I have faculty requesting about students wearing shorts in our woodshop. I have no problem with this, for years I have worn shorts while working in woodshops and doing carpentry, and I cannot see anything other than some kind of larger insurance request making the requirement of pants necessary. 

Currently we require students to wear long pants for woodshop use. This has been something I have upheld simply by request from the school. Do any of you have similar rules in place? Is there a practical reason for pants over shorts, other than protection from potential abrasions?

Best

Tim Kopra
Sculpture Technician
Mills College
(707)225-7616



--
Molly Sanford
Art Research Technician



Eric Pulse
 

My rule of thumb/ guidelines here are basically this: If you wouldn't wear it to change your oil in a dirt parking lot, don't wear it in the shop. Also, don't leave any skin exposed that you don't want chips, oils, sparks etc to enter.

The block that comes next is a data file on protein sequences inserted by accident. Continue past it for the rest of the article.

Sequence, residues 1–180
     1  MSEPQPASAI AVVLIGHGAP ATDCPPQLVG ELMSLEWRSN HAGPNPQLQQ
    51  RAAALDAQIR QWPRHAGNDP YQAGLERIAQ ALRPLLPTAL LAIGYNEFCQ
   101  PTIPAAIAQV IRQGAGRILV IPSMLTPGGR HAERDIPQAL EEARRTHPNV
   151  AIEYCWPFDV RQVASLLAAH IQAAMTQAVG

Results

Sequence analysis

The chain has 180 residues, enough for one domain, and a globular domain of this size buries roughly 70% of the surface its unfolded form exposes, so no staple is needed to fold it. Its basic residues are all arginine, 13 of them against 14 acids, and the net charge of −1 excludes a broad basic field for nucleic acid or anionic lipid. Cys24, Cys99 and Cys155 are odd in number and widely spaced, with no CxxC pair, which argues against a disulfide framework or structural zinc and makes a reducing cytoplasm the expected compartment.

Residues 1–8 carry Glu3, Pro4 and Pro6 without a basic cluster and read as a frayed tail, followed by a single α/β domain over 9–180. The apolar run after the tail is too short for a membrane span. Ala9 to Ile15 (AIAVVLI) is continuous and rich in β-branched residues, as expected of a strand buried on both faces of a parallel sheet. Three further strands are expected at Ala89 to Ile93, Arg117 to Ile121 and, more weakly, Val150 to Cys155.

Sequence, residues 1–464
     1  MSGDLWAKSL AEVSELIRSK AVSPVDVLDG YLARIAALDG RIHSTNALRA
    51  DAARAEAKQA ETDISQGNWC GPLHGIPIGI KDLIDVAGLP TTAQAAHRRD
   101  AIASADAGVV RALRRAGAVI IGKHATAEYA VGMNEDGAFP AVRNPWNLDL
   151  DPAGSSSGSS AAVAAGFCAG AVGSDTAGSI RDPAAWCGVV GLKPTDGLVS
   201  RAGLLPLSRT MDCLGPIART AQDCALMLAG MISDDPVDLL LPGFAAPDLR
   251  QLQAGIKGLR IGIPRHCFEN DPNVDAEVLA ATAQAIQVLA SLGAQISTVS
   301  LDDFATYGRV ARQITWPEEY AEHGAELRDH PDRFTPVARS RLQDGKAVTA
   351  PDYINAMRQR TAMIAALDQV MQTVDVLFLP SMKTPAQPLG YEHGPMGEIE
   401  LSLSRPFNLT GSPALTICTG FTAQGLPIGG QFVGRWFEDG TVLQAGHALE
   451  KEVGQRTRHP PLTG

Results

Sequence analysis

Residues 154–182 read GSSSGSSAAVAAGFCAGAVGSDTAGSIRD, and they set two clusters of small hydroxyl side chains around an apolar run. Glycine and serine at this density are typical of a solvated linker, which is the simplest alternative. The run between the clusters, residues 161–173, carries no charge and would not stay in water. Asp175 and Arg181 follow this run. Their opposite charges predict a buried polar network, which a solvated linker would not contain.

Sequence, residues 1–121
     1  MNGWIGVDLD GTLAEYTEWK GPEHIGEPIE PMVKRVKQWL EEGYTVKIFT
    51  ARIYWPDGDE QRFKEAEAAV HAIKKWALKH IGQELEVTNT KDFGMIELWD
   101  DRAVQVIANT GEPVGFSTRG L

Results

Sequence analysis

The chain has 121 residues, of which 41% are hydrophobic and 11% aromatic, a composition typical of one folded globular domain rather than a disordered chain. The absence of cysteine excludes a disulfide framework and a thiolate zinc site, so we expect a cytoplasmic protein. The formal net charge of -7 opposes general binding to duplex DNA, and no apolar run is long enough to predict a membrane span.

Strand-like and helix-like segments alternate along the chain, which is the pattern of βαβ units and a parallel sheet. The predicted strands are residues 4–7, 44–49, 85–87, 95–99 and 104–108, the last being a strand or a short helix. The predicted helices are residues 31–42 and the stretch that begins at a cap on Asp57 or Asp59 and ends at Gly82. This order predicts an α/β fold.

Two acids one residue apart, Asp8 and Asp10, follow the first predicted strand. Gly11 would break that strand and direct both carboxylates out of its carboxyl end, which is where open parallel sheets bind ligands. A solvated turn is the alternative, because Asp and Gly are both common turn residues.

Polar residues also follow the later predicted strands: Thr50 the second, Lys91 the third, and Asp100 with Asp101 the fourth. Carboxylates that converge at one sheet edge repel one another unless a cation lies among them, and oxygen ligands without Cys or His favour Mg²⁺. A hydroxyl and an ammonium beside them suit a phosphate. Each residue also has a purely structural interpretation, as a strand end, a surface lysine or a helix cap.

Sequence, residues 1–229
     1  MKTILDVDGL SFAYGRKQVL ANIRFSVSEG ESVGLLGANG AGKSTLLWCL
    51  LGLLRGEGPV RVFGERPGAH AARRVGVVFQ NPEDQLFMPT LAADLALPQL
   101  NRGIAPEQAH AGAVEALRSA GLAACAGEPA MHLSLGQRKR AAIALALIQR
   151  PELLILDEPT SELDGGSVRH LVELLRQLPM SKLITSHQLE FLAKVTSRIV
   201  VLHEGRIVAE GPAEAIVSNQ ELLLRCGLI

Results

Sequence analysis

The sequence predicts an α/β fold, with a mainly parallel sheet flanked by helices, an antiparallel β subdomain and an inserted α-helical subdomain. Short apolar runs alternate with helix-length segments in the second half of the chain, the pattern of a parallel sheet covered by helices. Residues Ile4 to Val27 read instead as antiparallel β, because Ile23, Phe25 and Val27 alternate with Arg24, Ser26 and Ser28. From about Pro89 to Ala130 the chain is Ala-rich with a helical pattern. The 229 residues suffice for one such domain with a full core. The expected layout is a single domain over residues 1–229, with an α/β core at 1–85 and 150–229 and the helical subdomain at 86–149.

We do require closed toed shoes, long pants and Safety glasses in the shops and restrict those around any rotating machinery to wear clothing that is not loose. Specifically long sleeves that hang down at all. During the Summer I do allow shorts in the shops unless the student is causing or around grinding sparks, flames, plasma cutters, etc. We don't have the volume of student use then that the adjacency issues from going from one area to another isn't really a problem. In my teaching lab, which has solely manual lathes and Enclosed Haas Minimills, I am fairly lenient on the shorts restriction since there really isn't much that can do damage below the belt line. 

This topic really doesn't have a strict definitive answer, but I'm glad it's being discussed. I know that if I mentioned it at Yale, the whole day  of conversing would disappear!

Eric Pulse

Mustang '60 Machine Shop Manager

ME Department/ College of Engineering

Cal Poly SLO

805-756-5634 - Office

805-756-1137 - Fax